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Force Analysis: Circular Pipe

  1. Feb 15, 2016 #1
    "Consider a fully developed laminar flow in a circular pipe, perform force analysis on an element of the real fluid."

    I've just started this type of question, and I'm a bit confused about where to go from here:

    I've managed to do a force balance horizontally to show that the partial derivative of pressure with respect to x should be zero (which is obvious anyway?), but I have no idea what to do with the vertical force balance and what the question is really asking me to do.

    Thanks in advance!
  2. jcsd
  3. Feb 15, 2016 #2
    Are you assuming that the pipe is horizontal or vertical?
  4. Feb 19, 2016 #3
    The pipe is horizontal in the diagram, sorry should have mentioned that.
  5. Feb 19, 2016 #4
    Is x the direction along the pipe axis?
  6. Feb 19, 2016 #5
    Yes, along the pipe axis.
  7. Feb 19, 2016 #6
    What was your rationale for saying that the partial derivative of the pressure with respect to x is zero?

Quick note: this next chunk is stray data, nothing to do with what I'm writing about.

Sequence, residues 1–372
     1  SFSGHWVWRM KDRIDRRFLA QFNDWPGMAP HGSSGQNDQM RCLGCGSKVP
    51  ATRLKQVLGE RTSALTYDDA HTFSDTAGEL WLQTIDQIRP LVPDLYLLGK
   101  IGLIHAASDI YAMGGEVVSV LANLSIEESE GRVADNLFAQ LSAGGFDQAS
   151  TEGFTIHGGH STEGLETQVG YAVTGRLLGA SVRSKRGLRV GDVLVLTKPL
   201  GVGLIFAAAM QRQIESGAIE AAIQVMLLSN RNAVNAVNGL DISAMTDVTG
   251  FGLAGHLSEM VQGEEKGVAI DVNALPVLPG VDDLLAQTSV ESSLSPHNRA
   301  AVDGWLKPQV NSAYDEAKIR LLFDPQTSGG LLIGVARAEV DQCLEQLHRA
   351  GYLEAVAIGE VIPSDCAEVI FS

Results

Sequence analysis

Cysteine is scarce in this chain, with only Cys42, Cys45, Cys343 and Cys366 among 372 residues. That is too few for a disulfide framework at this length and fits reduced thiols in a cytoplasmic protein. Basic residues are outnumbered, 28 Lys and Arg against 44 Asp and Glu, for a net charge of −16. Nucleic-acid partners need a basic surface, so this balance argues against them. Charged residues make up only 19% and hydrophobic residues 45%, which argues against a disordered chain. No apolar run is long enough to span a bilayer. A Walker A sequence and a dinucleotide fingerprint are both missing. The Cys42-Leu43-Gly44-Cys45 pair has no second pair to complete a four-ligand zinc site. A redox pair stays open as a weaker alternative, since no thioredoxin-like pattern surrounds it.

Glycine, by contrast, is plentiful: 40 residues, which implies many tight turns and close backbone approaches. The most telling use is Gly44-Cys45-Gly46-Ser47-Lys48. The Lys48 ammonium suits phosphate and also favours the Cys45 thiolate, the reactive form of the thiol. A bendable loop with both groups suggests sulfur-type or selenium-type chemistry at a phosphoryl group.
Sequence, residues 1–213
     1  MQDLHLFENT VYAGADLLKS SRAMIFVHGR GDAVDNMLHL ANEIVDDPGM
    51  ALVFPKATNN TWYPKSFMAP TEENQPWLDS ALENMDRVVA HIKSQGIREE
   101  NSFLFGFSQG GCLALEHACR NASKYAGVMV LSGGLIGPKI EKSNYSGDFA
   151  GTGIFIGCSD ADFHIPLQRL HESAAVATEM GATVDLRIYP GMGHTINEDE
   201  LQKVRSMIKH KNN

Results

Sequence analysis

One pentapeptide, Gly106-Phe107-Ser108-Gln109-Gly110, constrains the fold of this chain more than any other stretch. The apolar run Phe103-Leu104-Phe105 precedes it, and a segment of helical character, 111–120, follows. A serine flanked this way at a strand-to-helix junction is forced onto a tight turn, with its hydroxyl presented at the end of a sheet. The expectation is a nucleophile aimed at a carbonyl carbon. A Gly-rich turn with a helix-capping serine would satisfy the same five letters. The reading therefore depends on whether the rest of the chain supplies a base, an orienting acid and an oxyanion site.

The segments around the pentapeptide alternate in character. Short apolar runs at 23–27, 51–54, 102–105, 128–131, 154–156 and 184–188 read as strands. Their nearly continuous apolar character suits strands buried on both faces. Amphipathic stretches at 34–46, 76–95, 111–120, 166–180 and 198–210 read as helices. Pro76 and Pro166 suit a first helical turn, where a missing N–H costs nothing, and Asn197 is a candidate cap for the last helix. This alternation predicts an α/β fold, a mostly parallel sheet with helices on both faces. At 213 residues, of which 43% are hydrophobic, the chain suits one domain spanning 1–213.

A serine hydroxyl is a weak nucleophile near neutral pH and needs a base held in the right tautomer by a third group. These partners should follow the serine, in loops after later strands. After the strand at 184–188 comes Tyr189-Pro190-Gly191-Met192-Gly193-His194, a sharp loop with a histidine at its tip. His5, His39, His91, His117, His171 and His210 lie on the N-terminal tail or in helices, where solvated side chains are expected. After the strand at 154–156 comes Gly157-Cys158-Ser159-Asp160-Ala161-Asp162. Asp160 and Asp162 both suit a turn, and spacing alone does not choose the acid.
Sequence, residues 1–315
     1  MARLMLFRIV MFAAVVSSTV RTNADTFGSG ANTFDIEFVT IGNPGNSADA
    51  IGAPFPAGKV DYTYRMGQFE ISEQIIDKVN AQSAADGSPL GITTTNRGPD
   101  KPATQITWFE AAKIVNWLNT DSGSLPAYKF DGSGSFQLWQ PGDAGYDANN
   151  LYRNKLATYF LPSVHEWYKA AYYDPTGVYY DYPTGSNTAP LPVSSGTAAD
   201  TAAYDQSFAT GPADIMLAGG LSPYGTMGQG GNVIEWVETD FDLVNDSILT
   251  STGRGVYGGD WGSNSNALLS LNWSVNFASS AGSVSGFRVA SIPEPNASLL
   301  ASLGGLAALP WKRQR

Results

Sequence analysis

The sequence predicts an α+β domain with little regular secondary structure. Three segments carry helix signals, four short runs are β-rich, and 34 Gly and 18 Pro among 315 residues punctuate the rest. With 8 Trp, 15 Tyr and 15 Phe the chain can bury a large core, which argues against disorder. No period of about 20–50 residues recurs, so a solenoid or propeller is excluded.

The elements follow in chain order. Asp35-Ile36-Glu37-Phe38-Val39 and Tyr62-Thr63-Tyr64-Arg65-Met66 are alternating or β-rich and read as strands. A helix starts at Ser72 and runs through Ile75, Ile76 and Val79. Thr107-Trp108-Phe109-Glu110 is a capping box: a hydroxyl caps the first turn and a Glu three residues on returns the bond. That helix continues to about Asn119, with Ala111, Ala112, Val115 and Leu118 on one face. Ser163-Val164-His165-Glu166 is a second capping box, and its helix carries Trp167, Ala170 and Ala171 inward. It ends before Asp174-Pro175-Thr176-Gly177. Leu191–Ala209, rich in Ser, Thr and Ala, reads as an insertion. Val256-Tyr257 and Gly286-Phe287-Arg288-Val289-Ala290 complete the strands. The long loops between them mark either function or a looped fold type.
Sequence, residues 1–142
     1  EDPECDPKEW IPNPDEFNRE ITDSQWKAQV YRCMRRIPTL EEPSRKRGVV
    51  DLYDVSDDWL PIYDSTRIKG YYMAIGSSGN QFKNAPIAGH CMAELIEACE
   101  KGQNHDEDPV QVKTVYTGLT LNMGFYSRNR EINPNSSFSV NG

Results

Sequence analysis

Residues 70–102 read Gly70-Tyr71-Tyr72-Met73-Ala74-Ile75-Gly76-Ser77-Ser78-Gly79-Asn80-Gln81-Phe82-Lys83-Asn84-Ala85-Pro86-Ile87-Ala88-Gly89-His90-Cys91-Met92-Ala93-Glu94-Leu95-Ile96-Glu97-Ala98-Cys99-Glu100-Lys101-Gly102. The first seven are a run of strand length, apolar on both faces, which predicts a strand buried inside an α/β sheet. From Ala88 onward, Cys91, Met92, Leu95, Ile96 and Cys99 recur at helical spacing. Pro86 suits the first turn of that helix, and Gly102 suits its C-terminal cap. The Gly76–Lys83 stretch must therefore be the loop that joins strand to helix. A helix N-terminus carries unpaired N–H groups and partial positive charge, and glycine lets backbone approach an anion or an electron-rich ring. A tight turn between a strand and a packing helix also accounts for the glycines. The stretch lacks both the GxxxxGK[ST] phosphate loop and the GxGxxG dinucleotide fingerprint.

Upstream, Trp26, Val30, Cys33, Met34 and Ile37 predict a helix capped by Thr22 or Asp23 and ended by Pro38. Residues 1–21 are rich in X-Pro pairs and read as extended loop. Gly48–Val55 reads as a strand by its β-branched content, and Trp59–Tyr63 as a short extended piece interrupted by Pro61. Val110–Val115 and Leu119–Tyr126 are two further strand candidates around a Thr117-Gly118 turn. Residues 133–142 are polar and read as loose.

8. Feb 20, 2016 #7
    I did a force balance on the horizontal and it came out with that, which I believe is correct?

    I have no idea about the vertical force balance though.
  9. Feb 20, 2016 #8
    It is not correct. How are you supposed to be doing this: (a) using shell momentum balances or (b) using the Navier Stokes equations?

    What forces are acting horizontally on the fluid, besides the pressures.
  10. Feb 22, 2016 #9
    I haven't heard of either of these methods, and upon looking them up they don't look familiar to me either.

    I forgot about the viscous force acting on the fluid element I think. Would I represent this using Stoke's Law or some other way? If using Stoke's law would the radius be the pipe radius or the fluid element's radius?

  11. Feb 22, 2016 #10
    Are you currently taking a course in Fluid Mechanics? What textbook are you using? Have you ever heard of the book Transport Phenomena by Bird, Stewart, and Lightfoot? Are you familiar with the following concepts: stress tensor, Newton's law of viscosity?

    Stokes Law would not be appropriate for this problem.
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